Bo Yibo, the last of the Communist Party’s “immortals’, dies
Beijing (AsiaNews) – Bo Yibo, one of the so-called “eight iImmortals”, died in Beijing at the age of 98. He was one of the most influential revolutionaries in the country. He unconditionally backed economic reforms implemented by Mao’s successor as party leader Deng Xiaoping but also pushed the government to crush the Tiananmen Square anti-corruption and pro-democracy protests.
On China Central Television's prime-time newscast last night, the government described Bo as an excellent party member, great communist fighter, outstanding proletarian revolutionary and prominent leader of economic work.
Bo had four children. One son, Bo Xilai, is a rising political star, considered one of the top contenders for a seat on the Politburo at the next party congress.
Speaking about his father, Bo Xilai said he never received any favour because of his father’s influence. “Thanks to my father, I was sent to prison when I was still a high school student,” he said. “The five years of my life in jail was a special gift of fate and a rare experience for me from which I truly benefited."
Born in 1908, Bo joined the Communist Party at the age of 17. According to official propaganda he helped build the country's Soviet-style planned economy until he became a victim of the Cultural Revolution and was imprisoned for 15 years.
He made his political comeback with other revolutionaries after Mao Zedong's death in 1976 and became known as one of the so-called "eight immortals of the party" (Deng Xiaoping, Li Xiannian, Peng Zhen, Chen Yun, Song Renqiong, Yang Shangkun, Wang Zhen and Bo Yibo), all Long March veterans and all victims of Mao’s purges. They exercised enormous political influence from behind the scenes until their death even though they had formally retired from office and had little day-to-day role in government.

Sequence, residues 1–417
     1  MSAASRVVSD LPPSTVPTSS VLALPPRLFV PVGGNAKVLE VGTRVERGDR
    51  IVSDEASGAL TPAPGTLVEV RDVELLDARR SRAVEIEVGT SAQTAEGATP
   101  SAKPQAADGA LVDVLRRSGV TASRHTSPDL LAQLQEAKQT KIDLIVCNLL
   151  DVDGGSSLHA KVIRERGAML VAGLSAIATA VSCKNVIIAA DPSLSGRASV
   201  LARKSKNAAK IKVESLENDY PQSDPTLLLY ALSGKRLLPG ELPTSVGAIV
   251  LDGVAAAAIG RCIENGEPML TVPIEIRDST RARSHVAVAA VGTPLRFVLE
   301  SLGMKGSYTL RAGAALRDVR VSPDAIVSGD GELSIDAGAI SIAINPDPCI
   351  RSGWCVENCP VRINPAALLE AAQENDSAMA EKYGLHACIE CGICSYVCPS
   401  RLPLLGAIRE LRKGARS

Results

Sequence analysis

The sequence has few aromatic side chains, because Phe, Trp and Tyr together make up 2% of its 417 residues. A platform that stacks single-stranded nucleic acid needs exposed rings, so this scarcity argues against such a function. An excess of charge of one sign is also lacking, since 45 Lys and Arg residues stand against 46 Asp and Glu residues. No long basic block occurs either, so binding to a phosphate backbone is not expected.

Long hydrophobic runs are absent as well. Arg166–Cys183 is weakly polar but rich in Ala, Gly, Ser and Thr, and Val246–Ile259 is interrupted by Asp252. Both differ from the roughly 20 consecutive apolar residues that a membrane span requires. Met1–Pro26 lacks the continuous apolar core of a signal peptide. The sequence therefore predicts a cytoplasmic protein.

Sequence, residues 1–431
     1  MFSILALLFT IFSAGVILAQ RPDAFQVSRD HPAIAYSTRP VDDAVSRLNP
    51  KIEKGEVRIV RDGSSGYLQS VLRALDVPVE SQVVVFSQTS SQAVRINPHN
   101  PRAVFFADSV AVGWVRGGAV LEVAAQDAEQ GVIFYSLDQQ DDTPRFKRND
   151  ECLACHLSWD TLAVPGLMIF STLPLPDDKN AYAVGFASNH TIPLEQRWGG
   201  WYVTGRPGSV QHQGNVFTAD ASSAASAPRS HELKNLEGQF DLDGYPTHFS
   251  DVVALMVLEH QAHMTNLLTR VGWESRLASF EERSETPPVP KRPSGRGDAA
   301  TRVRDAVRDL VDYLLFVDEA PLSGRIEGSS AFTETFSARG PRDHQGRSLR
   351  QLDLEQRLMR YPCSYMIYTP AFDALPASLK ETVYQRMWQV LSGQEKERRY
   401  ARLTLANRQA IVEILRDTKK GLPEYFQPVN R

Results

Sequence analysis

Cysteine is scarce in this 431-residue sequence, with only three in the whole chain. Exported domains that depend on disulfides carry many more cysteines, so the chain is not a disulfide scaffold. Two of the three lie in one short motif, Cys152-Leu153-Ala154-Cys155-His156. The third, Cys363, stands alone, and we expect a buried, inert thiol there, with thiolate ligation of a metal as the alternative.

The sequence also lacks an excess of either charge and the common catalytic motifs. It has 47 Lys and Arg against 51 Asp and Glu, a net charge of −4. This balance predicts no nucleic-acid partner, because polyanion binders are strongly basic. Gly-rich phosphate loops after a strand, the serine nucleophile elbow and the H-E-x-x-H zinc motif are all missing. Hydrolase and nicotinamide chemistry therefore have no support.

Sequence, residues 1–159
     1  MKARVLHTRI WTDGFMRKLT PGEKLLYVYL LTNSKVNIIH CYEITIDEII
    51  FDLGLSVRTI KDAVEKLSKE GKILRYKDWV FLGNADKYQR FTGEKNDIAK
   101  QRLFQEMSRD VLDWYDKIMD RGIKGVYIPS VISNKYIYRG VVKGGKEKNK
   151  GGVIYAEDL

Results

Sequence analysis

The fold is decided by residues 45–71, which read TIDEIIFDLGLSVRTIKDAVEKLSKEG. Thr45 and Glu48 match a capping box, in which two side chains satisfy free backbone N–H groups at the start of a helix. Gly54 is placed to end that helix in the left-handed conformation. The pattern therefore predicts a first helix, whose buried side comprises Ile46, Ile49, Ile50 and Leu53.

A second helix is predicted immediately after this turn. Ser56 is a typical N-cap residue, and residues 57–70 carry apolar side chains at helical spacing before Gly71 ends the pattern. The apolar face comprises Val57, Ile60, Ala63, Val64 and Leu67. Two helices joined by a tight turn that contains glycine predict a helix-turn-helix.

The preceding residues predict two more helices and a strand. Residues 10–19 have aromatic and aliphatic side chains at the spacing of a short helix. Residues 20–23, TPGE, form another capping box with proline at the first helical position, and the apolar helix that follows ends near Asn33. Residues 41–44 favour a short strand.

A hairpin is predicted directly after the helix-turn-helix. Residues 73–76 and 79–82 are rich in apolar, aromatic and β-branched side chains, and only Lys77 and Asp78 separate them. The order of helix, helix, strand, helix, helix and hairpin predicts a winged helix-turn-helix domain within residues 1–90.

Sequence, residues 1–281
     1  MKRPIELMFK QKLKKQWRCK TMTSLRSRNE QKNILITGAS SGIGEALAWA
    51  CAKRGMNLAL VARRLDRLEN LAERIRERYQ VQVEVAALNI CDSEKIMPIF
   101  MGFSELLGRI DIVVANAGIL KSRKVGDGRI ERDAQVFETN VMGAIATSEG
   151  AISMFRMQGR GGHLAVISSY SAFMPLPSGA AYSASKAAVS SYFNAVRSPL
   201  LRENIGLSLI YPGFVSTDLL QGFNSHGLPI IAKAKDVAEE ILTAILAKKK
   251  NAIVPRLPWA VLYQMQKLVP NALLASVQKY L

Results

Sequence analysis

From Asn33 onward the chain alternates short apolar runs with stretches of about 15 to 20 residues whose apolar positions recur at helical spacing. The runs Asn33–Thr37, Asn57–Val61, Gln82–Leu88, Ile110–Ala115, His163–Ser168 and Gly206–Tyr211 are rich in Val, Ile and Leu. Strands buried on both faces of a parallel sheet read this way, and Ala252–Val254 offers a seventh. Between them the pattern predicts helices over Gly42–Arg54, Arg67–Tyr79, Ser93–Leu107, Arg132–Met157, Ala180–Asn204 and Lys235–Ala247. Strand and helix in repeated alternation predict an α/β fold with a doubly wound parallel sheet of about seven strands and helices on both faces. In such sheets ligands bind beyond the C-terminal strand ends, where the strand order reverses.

Bo, a conservative, backed Deng’s economic reforms against the party’s Marxist wing which was critical of his political choices. And as co-ordinator of a nationwide party campaign, he backed the suppression of extreme leftism, paving the way for economic reforms.
Harshly critical of reformist party leaders Hu Yaobang and Zhao Ziyang during the late 1980s, he is considered one of the staunchest backers of the bloody crackdown on the 1989 pro-democracy student protests in Tiananmen Square.
For various analysts, his death is a symbolic transfer of power to Hu Jintao, China’s current leader, and the new generation of Communist leaders.
The “eight immortals” represented the nation’s ruling oligarchy, their power based on their revolutionary credentials.
Now that they are out of the picture and power is in the hands of the current leaders, often cold technocrats, there is a danger that power may be challenged by the victims of the many social problems plaguing the country.